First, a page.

A magnificent image of a wild Amur tigress hugging an ancient Manchurian fir in a Russian forest has won Sergey Gorshkov the title of Wildlife Photographer of the Year 2020.
Using hidden cameras in the only region Amur, or Siberian, tigers are found, it took more than 11 months for the Russian photographer to capture his winning moment, The Embrace.
This year’s photographic competition received 49,000 entries from around the world before winners were selected for a number of categories by a panel of judges.
The awards ceremony was live-streamed on Monday 13th October from the Natural History Museum in London where The Duchess of Cambridge, Patron of the Museum, announced Sergey Gorshkov as this year’s Wildlife Photographer of the Year for his magnificent image.
Chair of the judging panel, Rosamund ‘Roz’ Kidman Cox says, ‘It’s a scene like no other. A unique glimpse of an intimate moment deep in a magical forest. Shafts of low winter sun highlight the ancient fir tree and the coat of the huge tigress as she grips the trunk in obvious ecstasy and inhales the scent of tiger on resin, leaving her own mark as her message. It’s also a story told in glorious colour and texture of the comeback of the Amur tiger, a symbol of the Russian wilderness.’
Dr Tim Littlewood, Natural History Museum’s Executive Director of Science and jury member, says ‘Hunted to the verge of extinction in the past century, the Amur population is still threatened by poaching and logging today. The remarkable sight of the tigress immersed in her natural environment offers us hope, as recent reports suggest numbers are growing from dedicated conservation efforts. Through the unique emotive power of photography, we are reminded of the beauty of the natural world and our shared responsibility to protect it.’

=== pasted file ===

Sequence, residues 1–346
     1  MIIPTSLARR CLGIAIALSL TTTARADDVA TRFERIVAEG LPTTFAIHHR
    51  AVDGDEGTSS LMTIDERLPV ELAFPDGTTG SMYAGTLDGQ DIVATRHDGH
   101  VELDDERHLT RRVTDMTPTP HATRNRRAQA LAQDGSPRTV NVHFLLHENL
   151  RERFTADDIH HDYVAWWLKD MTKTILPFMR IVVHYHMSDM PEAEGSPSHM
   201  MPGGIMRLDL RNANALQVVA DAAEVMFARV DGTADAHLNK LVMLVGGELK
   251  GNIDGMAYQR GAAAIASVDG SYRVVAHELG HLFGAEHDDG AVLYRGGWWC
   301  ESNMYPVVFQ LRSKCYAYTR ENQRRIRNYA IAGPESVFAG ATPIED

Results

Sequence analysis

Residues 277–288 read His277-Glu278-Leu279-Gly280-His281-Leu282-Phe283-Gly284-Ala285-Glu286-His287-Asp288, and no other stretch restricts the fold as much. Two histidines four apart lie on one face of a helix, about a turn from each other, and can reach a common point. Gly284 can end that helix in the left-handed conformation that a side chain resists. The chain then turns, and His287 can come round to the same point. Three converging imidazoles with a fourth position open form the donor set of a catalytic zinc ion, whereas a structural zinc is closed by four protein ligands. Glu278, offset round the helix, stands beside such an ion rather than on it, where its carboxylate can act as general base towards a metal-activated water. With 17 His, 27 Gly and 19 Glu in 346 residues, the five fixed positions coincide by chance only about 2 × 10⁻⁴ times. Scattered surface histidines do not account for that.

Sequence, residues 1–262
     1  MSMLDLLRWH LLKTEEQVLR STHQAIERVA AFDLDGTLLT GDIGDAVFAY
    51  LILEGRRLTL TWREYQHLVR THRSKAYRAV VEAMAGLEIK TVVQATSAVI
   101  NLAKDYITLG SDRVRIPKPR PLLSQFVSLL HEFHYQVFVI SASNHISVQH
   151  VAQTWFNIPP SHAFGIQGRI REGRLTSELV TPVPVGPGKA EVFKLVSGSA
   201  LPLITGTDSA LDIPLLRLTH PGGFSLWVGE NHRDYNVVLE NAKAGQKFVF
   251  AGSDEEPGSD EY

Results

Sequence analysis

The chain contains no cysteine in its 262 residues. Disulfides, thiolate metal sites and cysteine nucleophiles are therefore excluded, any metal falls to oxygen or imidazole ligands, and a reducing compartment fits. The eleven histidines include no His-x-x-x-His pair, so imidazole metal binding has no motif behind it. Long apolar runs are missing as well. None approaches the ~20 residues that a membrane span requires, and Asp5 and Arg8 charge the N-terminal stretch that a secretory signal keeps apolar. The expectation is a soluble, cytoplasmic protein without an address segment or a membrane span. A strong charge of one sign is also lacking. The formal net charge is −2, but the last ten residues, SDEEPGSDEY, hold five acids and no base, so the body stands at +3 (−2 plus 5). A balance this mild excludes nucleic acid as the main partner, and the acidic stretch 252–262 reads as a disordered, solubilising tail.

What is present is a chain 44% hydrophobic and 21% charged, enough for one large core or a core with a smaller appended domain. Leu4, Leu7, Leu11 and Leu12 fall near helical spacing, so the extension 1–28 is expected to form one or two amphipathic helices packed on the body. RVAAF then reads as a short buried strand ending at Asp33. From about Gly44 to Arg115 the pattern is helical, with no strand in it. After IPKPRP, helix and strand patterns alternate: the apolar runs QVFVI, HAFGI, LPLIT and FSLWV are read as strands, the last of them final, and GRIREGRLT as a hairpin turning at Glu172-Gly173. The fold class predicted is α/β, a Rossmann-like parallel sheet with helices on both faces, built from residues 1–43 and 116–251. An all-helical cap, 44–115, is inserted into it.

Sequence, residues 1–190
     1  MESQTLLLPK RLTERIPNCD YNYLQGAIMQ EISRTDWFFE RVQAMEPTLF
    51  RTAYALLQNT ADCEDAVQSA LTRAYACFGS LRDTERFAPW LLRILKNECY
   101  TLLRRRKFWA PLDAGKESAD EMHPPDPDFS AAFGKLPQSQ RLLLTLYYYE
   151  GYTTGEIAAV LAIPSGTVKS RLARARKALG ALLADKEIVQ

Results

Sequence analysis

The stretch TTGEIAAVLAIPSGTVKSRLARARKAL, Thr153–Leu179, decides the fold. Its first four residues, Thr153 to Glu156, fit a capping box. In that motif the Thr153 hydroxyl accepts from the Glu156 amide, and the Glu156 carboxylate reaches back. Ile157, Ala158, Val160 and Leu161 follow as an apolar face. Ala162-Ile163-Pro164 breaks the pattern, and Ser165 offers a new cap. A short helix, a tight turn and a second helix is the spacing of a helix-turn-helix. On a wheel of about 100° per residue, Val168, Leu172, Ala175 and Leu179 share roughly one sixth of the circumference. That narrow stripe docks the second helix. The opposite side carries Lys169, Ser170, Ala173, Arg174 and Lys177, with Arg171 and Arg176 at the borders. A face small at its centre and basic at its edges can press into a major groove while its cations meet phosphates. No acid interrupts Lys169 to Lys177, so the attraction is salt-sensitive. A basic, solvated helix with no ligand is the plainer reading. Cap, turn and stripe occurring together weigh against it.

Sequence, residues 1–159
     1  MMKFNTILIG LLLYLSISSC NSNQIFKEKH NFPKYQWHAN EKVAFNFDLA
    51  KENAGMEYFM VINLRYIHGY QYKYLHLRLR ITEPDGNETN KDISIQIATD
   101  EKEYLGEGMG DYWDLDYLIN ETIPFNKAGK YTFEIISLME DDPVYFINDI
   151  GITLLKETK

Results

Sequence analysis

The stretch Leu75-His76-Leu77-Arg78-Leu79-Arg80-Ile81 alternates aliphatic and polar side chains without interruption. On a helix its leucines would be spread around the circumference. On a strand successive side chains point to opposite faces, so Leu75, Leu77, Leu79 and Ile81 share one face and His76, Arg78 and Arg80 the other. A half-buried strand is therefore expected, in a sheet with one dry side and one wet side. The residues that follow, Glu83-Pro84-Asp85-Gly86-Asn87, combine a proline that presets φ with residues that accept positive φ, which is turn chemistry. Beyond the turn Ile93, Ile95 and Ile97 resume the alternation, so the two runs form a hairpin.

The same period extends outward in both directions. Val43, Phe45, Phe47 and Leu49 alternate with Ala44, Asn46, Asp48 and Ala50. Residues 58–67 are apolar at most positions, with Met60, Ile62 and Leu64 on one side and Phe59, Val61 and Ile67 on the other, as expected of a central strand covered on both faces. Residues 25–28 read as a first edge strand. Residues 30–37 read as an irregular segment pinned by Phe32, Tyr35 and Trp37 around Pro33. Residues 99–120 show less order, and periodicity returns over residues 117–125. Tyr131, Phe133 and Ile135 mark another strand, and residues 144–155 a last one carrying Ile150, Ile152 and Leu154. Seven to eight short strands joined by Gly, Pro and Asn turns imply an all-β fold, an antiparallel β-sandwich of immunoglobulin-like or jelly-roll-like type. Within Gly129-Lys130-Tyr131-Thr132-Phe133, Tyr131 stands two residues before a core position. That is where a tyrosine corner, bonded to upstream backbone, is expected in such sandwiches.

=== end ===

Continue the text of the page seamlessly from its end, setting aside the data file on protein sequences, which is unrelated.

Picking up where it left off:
Young Wildlife Photographer of the Year 2020 was awarded to Liina Heikkinen from Finland for her dramatic image; The fox that got the goose. With feathers flying, the young fox is framed as it refuses to share the barnacle goose with its five sibling rivals.
‘A sense of furtive drama and frantic urgency enlivens this image, drawing us into the frame. The sharp focus on the fox’s face leads us straight to where the action is. A great natural history moment captured perfectly,’ says Shekar Dattatri, wildlife filmmaker and jury member.
If you would like to see the 2020 shortlisted entries and winners, The Wildlife Photographer of the Year exhibition is open to visitors at the Natural History Museum until 6th June 2021.
Tickets must be booked in advance online and cost £14.95 for adults, £ 8.95 for children (under 4 free) with concessions £11.95. To book visit: www.nhm.ac.uk/visit/exhibitions/wildlife-photographer-of-the-year.html
Open to photographers of all ages, nationalities and abilities, the next Wildlife Photographer of the Year competition opens for entries on Monday 19th October 2020 and closes at 11.30am on Thursday 10th December 2020. For information on how to enter go to www.nhm.ac.uk/wpy/competition
Main image: The embrace by Sergey Gorshkov, RussiaWinner 2020, Animals in their Environment, GRAND TITLE WINNER